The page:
George FM Kōrerorero with Theia
Te Ao Maori
Te Ao Maori

George FM Kōrerorero with Theia

Tīpare and award winning Māori artist Theia, talk favourite artists, BIPOC and Pride festivals, and carrying culture across seas.
31 May 2024 5:31PM

As a wrap up to NZ Music Month our Kaitūhono Māori Tīpare had a Kōrerorero with award winning Māori artist Theia who is in LA blazing musical trails for Aotearoa internationally. They talk favourite artists, BIPOC and Pride festivals, and carrying culture across seas. 


On what Theia is up to in LA: 

Says Theia: “I came over here, I want to say, about three months ago now to the States and to Canada, and I'm just over here trying to live my best life doing heaps of shows, festivals and prides. It's fabulous and a real blessing to be able to represent, you know, my country and more importantly to me, my reo and, you know, my Māoritanga when I'm doing my shows as well. So, yeah, that's what I'm up to. 


On the response to incorporating te reo Māori into her shows overseas:

George Korerorero
George Korerorero with Theia
00:00 / 05:38

“...on the whole no one really knows what I'm saying, but the main thing is that most of the lineups that I'm on, of course, Pride lineups are always extremely diverse, and then other festivals that I've been on….For example, I headlined this particular one in Seattle called Belltown Bloom, and it's organised and conceptualised by these two sisters who are Filipino Americans. And so the entire lineup prioritises BIPOC, non-males. And so automatically, even though no one really understands what I'm saying, the appreciation I feel for culture, indigeneity and, you know, reo that's not English is just so great. And so they're really fabulous and very generous audience who really got into it, it was fabulous.”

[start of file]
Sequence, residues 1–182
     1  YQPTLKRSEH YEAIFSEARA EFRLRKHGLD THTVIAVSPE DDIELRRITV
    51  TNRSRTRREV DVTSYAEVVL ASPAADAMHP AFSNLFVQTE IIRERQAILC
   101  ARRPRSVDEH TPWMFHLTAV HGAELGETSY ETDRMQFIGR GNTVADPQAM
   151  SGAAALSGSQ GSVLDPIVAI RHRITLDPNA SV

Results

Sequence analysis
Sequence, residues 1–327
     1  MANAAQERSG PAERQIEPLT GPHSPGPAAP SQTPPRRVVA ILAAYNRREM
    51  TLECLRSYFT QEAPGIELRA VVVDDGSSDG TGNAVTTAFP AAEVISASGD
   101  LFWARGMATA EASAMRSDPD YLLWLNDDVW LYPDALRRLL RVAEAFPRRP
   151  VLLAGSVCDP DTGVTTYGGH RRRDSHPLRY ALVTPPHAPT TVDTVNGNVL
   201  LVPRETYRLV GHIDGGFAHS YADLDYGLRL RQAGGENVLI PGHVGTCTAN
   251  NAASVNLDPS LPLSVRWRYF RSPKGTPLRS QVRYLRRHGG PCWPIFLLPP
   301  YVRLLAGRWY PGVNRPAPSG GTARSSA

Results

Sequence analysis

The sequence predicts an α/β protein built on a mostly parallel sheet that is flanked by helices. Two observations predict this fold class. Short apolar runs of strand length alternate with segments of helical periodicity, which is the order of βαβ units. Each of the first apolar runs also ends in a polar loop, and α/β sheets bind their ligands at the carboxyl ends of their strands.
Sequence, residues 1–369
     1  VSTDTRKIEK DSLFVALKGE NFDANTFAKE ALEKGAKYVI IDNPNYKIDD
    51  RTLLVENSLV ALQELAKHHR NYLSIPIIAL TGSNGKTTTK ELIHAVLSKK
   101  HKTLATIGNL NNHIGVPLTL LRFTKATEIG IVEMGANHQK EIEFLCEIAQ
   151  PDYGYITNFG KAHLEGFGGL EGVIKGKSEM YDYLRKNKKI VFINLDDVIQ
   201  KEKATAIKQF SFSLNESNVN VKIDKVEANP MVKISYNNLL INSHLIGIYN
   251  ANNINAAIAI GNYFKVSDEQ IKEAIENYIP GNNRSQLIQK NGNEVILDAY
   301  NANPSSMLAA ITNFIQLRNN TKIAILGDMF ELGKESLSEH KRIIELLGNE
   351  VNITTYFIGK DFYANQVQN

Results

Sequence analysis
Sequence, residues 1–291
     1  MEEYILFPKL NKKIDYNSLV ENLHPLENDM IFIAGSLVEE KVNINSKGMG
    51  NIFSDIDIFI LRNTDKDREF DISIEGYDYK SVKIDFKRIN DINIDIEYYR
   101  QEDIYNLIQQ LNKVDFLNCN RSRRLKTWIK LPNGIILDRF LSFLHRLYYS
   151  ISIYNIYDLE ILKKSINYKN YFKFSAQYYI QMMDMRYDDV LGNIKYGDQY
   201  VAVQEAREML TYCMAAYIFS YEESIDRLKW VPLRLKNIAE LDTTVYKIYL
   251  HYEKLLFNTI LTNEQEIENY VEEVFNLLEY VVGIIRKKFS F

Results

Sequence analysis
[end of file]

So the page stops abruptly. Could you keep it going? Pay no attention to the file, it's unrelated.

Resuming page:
On how she incorporates tikanga into her performances while travelling:

“Well the way I operate in general is I can’t really go about my day without karakia anyways so the same kind of process operates over here. The only difference is instead of my team and my band who back home in Aotearoa is of course mostly all Māori, over here it is myself and my other band members who are American but the same kind of thing they’re just so fabulous you know, pretty much everyone I work with is also fellow BIPOC so I feel like they understand my, I guess prioritising of my tīkanga and safety. So they’re really sweet and will stand and karakia with me and try to do whatever they can to tautoko the kaupapa and I feel like anyone who’s from a marginalised community can totally support the subject matter as well which of course is largely about resisting misogyny, colonisation…”


On her favourite Aotearoa music artists:

I would say I have my eyes set very much as our people do, both into the past and into the future. So into the past I would say my absolute icons and inspirations are Ngoi Pēwhairangi, the really amazing Patea Māori Club, Delvanius record, Prince Tui Teka, Dennis Marsh was so beloved by my Nanny so I love listening to his records as well. Recently, I always tautoko our amazing wāhine Māori, especially sister Maisey Rika, Aunty Whirimako Black, I adore her mahi. And then on kind of folks that are more my peers, my age ahua rangatahi me ki, artists like Mā, in the queer community, I love Caru who does really sick remixes, Mokotron is fire, so, so much constant music being made that I love, Kahureremoa,  Lex Casino, yeah I’m really just in awe of our amazing community and everything that’s happening within our tāngata Māori and hapori Māori i roto i te ao waiata me ki.”

You can listen to the full uncut chat here: Kōrerorero with Theia

George FM Kōrerorero with Theia